A few comments I have that your ideas brought to my mind:
Correlation/verification studies are usually trust building exercises - in the
theory, the simulator engine, the new semiconductor process being developed, the
SI engineer doing support work - whatever. As such, they
do indeed interfere with product development schedules. When they are combined
with product development they rarely lead to happy results because the
commitment to careful work is at odds with meeting a schedule.
Correlations do not have to be as tight for robust designs. Models do not have
to be as tight for robust designs. By robust designs I mean those that are not
sensitive to part and process variation. Part of the "proactivity" the board
designer, signal integrity engineer and product/digital engineer can exercise is
to architecture and implement a design so that an I/O cells' characteristics are
well centered and have good design margins.
A Monte Carlo simulation (and other statistical design techniques) can provide a
predicted envelope of expected performance. Then, actual production measurements
over time can provide a confidence building/trust building verification - which
I call statistical variation - that can be much more timely and cost effective.
This approach leads naturally to Statistical Process Control. The process of
designing the verification testing and parameters to be monitored also flows
naturally into test engineering. Of course, there has to be a reasonable amount
of trust and design margin already existing for people to commit to this.
Jonathan Dowling <firstname.lastname@example.org> on 07/14/99 04:56:56 PM
Please respond to email@example.com
Sent by: Jonathan Dowling <firstname.lastname@example.org>
cc: email@example.com (Roy Leventhal/MW/US/3Com)
Subject: Re: [SI-LIST] : Some Semiconductors are Unnecessarily Fast
Gentle SI-List Demons,
The 'spec' based I/O buffer design is the best way I've
found to design high speed interfaces. The way it works
is as follows:
1. I/O design determines various strengths/edge-rates/
pad delays which are possible to fabricate.
2. Interconnect design performs pre-layout simulation
to determine a desired range of strength/edge-rate/
pad delay for the I/O.
3. I/O design and interconnect design agree on a range
of operation for the I/O buffer which is a) possible
to fabricate and b) meets the bus interface Timing/SI
requirements over all PVT. Interestingly, the 'spec'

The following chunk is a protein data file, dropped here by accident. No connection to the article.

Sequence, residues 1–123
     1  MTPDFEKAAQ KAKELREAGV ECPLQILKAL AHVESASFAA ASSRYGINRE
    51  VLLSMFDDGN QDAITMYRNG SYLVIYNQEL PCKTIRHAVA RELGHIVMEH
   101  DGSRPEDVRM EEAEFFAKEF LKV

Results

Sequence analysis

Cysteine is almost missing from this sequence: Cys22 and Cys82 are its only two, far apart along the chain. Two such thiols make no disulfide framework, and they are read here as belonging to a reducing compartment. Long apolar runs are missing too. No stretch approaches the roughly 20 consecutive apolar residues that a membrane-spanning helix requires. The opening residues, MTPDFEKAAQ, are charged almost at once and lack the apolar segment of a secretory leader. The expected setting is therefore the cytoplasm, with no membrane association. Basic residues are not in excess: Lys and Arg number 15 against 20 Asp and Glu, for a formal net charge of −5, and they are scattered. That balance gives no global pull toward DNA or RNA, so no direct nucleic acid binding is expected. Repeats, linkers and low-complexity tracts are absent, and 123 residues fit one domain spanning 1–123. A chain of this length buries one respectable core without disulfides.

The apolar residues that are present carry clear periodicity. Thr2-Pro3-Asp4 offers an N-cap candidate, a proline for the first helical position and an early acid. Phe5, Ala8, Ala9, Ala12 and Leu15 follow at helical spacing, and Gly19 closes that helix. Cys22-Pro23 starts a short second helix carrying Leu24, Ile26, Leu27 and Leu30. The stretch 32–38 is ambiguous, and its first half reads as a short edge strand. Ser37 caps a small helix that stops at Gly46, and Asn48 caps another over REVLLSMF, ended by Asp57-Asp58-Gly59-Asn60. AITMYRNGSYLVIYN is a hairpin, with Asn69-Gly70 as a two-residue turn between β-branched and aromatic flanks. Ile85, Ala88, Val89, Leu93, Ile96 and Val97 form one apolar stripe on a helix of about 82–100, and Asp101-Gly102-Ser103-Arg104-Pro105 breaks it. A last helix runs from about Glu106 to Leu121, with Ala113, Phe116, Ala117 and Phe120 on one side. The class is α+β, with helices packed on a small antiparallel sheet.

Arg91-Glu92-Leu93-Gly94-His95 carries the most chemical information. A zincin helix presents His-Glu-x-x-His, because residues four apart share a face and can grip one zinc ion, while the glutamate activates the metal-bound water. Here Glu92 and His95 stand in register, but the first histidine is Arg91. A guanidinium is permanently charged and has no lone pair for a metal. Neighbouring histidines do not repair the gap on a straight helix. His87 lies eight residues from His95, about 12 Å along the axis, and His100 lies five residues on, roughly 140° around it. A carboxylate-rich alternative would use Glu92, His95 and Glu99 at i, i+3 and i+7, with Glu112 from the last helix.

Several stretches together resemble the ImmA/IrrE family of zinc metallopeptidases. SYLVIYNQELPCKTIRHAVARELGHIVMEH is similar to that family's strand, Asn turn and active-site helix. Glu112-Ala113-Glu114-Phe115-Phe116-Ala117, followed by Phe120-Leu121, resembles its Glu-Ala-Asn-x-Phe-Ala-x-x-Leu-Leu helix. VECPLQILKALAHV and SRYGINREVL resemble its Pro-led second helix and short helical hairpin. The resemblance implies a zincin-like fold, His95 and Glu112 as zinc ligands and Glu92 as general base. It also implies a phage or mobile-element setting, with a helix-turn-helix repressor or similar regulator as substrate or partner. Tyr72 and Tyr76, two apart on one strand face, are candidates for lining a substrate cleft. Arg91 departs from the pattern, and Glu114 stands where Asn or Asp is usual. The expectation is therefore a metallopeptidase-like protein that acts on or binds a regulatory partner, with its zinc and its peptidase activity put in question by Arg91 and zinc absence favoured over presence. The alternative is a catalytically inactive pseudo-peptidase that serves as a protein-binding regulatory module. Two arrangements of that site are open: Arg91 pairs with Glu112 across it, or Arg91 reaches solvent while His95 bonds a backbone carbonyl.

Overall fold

model does not have to line up exactly with the actual
buffer's performance. The only requirement is that the
'spec' model envelope the I/O buffer performance at all
PVT. E.g. If the timings are loose, the slow corner
'spec' could have extra margin to anticipate a poor
silicon process. Tester guardbands can be introduced
into the 'spec' model, etc.
Throughout the remainder of the design process, detailed
timing/SI analysis is then performed with the 'spec'
buffer with the knowledge that the I/O design will
eventually fit inside the prescribed box (whether it be
the 1st, 2nd, or 3rd silicon tapeout). If the I/O
buffer comes in off-target, it will change in the next
spin of silicon rather than the interconnect. This method
prevents the major headache of constantly spinning new
sets of models every time the I/O design is tweaked.
The time savings is important because typically there
is only enough design time to perform a decent bus
interface timing/SI margin analysis once in the process.
I/O design benefits by having fixed requirements to
target. If the bus interface requires impedance
controlled or slew-rate controlled drivers, I/O design
is made aware of it early in the process. Interconnect
design benefits because a fixed set of models is
necessary to perform a detailed analysis which will have
lasting meaning. Due to an unforseen problem, the 'spec'
models may have to change during the design process.
Typically these changes are slight adjustments rather than
major alterations and will not mandate a project RESET#.
The beauty of behavioral modeling is that it is easy to
alter the strength/edge-rate and run a quick sim. As Roy
suggests, the interconnect designer can be proactive
rather than reactive in the process by influencing the
I/O design early enough to make a difference.
Many successful high speed bus interfaces have been
designed with the 'spec' based modeling method. It
lends itself well to timely Monte Carlo and/or margin
The 'Spec' based modeling method does not lend itself to
exact correlation of interconnect simulation to lab
measurement because slow/fast PVT corners are difficult
to reproduce in a lab environment. However, designers
can verify that the I/O performance fits within the
allowable range by making measurements under various
switching conditions. I have been willing to accept this
limitation given that detailed correlation work is
extremely time consuming and is not supported by real
world design schedules. (It's good for graduate school